3. Specify the intended size of your logo in your HTML and CSS. In the image attribute HTML, the width and height (e.g. img width="200" height="100"). In the image inline CSS, the width as 100%, the max-width (its intended width), and the height as auto (e.g. style="width:100%; max-width:200px; height:auto;"). Specifying the CSS in this way ensures the logo will display at its intended size, but will then reduce further in size to fit the width of smaller displays if they’re too small to display it at its intended size.
Schuh logo.
Schuh logo at its actual size (Top). Schuh logo at its intended size (Bottom).

Implementation: Web

  1. Save your logo in the SVG image format.
  2. Specify the intended size of your logo in your HTML and CSS. In the image attribute HTML, the width and height (e.g. img width="200" height="100"). In the image internal CSS, the width as 100%, the max-width (its intended width), and the height as auto (e.g. .logo {width:100%; max-width:200px; height:auto;}). Specifying the CSS in this way ensures the logo will display at its intended size, but will then reduce further in size to fit the width of smaller displays if they’re too small to display it at its intended size. As the SVG image format is a vector image format, as long as the original image is of sufficient quality, it will remain sharp and crisp when increased and decreased in size.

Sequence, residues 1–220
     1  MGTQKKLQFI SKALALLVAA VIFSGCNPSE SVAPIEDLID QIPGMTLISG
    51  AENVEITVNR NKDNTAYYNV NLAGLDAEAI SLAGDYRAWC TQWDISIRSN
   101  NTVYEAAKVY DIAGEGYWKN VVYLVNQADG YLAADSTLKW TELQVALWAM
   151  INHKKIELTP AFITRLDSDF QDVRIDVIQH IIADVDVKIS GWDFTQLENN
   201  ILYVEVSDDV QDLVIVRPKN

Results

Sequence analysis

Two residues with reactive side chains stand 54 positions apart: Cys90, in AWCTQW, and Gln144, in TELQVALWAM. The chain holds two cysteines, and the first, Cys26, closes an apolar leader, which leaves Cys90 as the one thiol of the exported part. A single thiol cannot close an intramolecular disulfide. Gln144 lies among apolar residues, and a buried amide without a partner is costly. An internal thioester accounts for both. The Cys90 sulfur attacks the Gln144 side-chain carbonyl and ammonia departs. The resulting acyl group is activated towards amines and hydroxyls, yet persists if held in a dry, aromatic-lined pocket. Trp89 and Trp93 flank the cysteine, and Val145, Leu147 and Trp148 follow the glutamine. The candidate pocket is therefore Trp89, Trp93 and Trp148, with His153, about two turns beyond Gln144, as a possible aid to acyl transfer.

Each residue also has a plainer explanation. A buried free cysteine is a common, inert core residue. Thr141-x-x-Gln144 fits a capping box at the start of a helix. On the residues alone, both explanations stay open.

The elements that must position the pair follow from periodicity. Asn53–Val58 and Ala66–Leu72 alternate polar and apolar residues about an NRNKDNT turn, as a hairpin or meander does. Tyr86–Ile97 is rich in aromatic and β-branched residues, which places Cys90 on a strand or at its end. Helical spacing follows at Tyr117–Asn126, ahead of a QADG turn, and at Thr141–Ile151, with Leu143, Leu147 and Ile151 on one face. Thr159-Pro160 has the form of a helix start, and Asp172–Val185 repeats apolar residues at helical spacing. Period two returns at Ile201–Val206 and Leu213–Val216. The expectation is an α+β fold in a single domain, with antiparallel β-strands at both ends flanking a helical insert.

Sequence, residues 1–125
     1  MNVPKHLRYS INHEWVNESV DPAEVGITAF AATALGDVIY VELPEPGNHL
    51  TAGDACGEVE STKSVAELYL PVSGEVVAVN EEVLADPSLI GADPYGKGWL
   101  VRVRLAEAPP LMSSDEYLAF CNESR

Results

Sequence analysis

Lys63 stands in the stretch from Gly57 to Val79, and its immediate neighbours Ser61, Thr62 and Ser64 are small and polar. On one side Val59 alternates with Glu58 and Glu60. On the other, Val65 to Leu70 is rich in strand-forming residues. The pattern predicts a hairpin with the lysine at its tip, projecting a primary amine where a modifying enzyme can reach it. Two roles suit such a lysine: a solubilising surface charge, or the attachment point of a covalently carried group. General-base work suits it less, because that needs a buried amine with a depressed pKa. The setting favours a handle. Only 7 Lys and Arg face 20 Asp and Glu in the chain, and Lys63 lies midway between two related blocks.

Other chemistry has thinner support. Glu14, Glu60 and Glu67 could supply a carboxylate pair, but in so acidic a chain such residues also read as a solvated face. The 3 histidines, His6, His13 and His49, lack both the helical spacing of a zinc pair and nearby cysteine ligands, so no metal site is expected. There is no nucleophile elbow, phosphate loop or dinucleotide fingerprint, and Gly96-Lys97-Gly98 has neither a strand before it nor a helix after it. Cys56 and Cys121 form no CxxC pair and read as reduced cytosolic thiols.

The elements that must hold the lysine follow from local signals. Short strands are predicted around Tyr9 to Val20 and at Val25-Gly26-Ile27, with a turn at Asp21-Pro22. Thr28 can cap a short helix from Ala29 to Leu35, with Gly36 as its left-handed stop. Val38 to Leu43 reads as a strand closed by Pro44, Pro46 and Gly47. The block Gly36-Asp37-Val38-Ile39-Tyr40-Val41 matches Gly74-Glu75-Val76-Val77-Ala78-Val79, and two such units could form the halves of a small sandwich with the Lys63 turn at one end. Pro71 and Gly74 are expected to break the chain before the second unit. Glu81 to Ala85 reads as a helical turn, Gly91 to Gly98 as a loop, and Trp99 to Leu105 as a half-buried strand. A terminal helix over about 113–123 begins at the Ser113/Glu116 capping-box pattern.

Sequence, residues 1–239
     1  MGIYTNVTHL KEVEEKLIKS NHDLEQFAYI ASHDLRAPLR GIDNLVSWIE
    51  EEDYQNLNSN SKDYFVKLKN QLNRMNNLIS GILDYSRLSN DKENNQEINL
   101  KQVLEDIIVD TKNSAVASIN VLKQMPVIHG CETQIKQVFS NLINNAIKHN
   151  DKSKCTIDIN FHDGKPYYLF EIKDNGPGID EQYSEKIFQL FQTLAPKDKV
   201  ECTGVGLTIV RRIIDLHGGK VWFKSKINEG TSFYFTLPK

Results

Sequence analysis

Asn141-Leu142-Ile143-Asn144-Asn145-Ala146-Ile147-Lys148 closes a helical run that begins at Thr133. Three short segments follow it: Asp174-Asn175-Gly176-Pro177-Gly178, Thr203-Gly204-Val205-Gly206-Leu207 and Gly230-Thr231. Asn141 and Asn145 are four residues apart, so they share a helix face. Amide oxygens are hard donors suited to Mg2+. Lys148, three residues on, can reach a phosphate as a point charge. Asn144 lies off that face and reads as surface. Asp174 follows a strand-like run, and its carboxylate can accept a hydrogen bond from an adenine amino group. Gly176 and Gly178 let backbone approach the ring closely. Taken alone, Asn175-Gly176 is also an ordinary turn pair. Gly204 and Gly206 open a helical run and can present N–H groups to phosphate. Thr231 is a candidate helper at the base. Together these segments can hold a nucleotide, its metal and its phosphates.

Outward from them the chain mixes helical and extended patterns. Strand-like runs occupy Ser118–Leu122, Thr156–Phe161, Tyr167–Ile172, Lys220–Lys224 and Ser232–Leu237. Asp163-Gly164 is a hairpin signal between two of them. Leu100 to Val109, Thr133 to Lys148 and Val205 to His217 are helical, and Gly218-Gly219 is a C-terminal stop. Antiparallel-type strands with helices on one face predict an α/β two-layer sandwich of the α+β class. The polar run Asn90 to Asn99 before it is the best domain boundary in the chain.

If you ever revise your logo, be sure to update each version on email and web. Creating master versions, and placing them in a master code snippet will enable you to update once, and apply everywhere.

Colours

Ensuring colours are consistent is reasonably straight-forward, as long as you’re using hexadecimal, the supported colour code format for email and web, and applying it using all six characters. On web, for some colours, it’s possible to abbreviate it to three characters, using a shortcut, when the first three characters and the last three characters are the same (e.g. #ffffffff; to #fff; or #ff0ff0; to #ff0;).

Instagram Sale Promo
Confident branding colours for Instagram Stories

On email, CSS should be applied inline, especially on text and links, as there are some email clients, webmail clients and apps that don’t support internal CSS. The exception to this is when you’re styling elements you have to style with internal CSS, such as ghost tables, and elements styled by, or dependent on @media queries, like web fonts. On web, you can apply CSS inline, though it’s best to apply it internally or externally.

Implementation: Email

  • Six-character hexadecimal (e.g. #000000;)
  • Inline CSS. Internal CSS to style elements within ghost tables and elements dependent on @media queries.

Implementation: Web

  • Six-character hexadecimal (e.g. #000000;). Three-character hexadecimal using a shortcut (e.g. #000;) where possible.
  • Internal CSS. External CSS.

It’s important to be mindful of how the colours of online brand elements will appear on ‘Dark Mode’ on Apple devices or ‘Dark Theme’ on Android devices. Dark images on transparent backgrounds may disappear, and tightly cropped images on white backgrounds may appear poorly executed and unfinished!

For consistency, I recommend designing online brand elements to display on Dark Mode and Dark Theme, without relying on code, as, as at the time of writing, both Dark Mode and Dark Theme are relatively new, so you’re likely to see varied results across channels.

Fonts